David and Rene Frey of Teach Away Inc. (Photo: Darren Calabrese) David and Rene Frey of Teach Away Inc. (Photo: Darren Calabrese)

One could easily describe the 2008 financial crisis as a teachable moment. For many companies, the ensuing meltdown offered tough lessons about critically overleveraged positions and unsustainable business models. But for one global education firm, the crisis was itself a crash course in making the most of a crummy situation.

Teach Away Inc., which ranks 37th on this year’s PROFIT 500, recruits English-speaking teachers to work abroad. Even as U.S. unemployment numbers were piling up and governments were shedding workers, the Toronto-based firm watched its fortunes soar. Since 2008, Teach Away’s revenues have grown 1,621%, transforming a seemingly modest business into a grand global opportunity.

“During 2008 to 2010, we were able to more than double our operations worldwide,” says David Frey, says David Frey who, alongside his brother Rene, runs the company which was founded by their eldest brother Kevin and his wife Katarina. Thanks to a focus on global diversification and its involvement in the education sector, “the business has proven to be relatively recession proof.”

Here’s how it happened. In 2009 and 2010, as jobs in the U.S. grew increasingly scarce, applications from aspiring teachers—younger people who saw little opportunity to land a full-time gig at home, as well as professionals from other fields who wanted to switch careers and work abroad—poured in. That allowed firms like Teach Away could pursue more placement opportunities overseas. The growing supply of potential teachers, meant firms like Teach Away could more aggressively pursue greater placement opportunities overseas.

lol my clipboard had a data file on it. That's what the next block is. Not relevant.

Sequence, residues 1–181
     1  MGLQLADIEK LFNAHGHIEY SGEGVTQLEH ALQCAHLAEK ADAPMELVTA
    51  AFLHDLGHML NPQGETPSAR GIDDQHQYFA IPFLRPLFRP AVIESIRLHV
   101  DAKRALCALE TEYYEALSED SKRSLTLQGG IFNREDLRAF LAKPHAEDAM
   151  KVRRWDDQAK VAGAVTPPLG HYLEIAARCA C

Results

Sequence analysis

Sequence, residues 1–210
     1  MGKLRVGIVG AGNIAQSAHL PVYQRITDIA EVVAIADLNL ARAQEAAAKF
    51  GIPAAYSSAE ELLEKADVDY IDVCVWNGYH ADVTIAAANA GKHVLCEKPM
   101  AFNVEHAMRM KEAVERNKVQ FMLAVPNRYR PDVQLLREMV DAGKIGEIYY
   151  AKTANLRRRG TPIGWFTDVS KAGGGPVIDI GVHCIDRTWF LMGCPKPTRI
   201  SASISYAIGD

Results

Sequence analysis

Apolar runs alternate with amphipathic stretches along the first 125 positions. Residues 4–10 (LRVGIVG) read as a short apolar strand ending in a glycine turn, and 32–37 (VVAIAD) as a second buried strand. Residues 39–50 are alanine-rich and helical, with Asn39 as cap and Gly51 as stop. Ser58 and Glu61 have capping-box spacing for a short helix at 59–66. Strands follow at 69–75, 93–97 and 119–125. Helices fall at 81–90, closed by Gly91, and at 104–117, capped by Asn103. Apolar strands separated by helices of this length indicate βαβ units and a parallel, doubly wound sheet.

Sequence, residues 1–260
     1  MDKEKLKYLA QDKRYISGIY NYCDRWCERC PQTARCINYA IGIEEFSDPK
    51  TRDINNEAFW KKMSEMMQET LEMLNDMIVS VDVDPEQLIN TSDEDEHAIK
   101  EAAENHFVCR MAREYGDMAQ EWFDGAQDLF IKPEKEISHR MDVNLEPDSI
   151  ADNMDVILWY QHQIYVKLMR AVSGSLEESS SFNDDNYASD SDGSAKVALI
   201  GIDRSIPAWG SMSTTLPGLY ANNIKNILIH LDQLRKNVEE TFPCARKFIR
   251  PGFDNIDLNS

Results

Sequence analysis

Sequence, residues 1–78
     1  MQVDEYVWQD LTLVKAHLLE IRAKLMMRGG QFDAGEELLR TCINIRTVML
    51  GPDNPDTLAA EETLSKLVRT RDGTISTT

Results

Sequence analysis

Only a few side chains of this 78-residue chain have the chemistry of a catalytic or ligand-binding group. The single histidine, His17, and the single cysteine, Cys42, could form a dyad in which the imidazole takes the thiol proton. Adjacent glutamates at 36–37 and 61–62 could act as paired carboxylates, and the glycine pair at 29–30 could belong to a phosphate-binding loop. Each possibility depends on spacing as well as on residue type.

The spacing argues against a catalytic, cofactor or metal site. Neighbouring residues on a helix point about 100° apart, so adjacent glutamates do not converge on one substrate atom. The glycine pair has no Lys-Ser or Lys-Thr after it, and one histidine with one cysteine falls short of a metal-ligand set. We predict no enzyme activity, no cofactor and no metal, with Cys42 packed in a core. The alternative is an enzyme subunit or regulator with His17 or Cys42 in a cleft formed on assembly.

By 2011, Teach Away had zeroed in on Abu Dhabi, in the United Arab Emirates, as a key market for growth. The country was in the midst of a major push to deliver several core subjects—including math and science—in English instead of Arabic and the education ministry needed to recruit thousands of teachers on two-year contracts. Schools were scrambling to find enough English-speaking teachers to fill their classrooms, and they needed folks like the Freys to find candidates.

Teach Away made headlines in Houston that year when, soon after news broke that the state would lay off hundreds of teachers in the region, the company announced it would hire 1,000 teachers to be deployed in Abu Dhabi. Successful hires would earn up to US$70,000 a year tax-free; they didn’t need to speak Arabic, but they had to be comfortable in an unfamiliar culture.

Click here for the complete 2014 PROFIT 500

Loading comments, please wait.